HOME BUILDERS ASSOCIATION OF NORTHERN CALIFORNIA, Plaintiff and Appellant, v. CITY OF NAPA et al., Defendants and Respondents, Napa Valley Community Housing et al., Intervenors and Respondents.
Home Builders Association of Northern California (HBA) appeals from a judgment entered after the trial court sustained a demurrer and dismissed its complaint asserting a facial challenge to an inclusionary zoning ordinance that was enacted by the City of Napa (City). HBA contends primarily that the trial court erroneously applied Federal and California takings law. We disagree and will affirm the judgment.
I. FACTUAL AND PROCEDURAL BACKGROUND
City, like many other localities in California, has a shortage of affordable housing. This shortage has negative consequences for all of City's population, but causes particularly severe problems for those on the lower end of the economic spectrum. Manual laborers, some of whom work in the region's wine or leisure industries, are forced to live in crowded, substandard housing. There is a large and growing population of homeless, including many families and teenagers. Workers from low income families increasingly are forced to live greater distances from their places of employment, which causes increased traffic congestion and pollution.
City formed the Napa Affordable Housing Task Force to address these problems. The task force was a broad based community group that included representatives from non-profit agencies, environmental groups, religious institutions, local industries, for-profit developers, and the local chamber of commerce. The purpose of the task force was to “study the issues surrounding affordable housing in the City of Napa and ․ make recommendations to the Housing Authority Commission.”
The task force studied housing issues for several months. It formed subcommittees, conducted public hearings, and evaluated affordable housing solutions that had been enacted by other communities. Ultimately the task force recommended that City enact an inclusionary housing ordinance 1 modeled after one that had been enacted by Napa County.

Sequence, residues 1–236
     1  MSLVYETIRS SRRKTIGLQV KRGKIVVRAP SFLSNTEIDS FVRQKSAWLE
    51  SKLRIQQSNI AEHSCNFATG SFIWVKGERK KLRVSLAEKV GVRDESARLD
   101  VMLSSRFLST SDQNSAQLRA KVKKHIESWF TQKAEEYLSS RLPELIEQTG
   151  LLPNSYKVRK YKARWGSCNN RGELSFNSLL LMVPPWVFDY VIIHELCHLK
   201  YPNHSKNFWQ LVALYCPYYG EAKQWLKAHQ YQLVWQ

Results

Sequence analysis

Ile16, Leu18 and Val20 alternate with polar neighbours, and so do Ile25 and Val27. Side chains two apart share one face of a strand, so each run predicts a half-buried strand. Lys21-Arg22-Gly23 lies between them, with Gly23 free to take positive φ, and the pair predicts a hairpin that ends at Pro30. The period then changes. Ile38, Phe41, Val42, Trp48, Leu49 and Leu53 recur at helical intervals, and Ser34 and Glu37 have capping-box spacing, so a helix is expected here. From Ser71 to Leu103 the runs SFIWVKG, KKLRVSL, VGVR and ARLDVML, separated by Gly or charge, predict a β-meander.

City responded by enacting the inclusionary zoning ordinance 2 that is at issue in the present appeal. The ordinance applies to all development in the city, including residential and non-residential.
The primary mandate imposed by the ordinance on residential developers is a requirement that ten percent of all newly constructed units must be “affordable” as that term is defined.3 The ordinance offers developers two alternatives. First, developers of single-family units may, at their option, satisfy the so called inclusionary requirement through an “alternative equivalent proposal” such as a dedication of land, or the construction of affordable units on another site. Developers of multi-family units may also satisfy the 10 percent requirement through an “alternative equivalent proposal” if the City Council, in its sole discretion, determines that the proposed alternative results in affordable housing opportunities equal to or greater than those created by the basic inclusionary requirement.
As a second alternative, a residential developer may choose to satisfy the inclusionary requirement by paying an in-lieu fee. Developers of single-family units may choose this option by right, while developers of multi-family units are permitted this option if the City Council, again in its sole discretion, approves. All fees generated through this option are deposited into a housing trust fund, and may only be used to increase and improve the supply of affordable housing in City.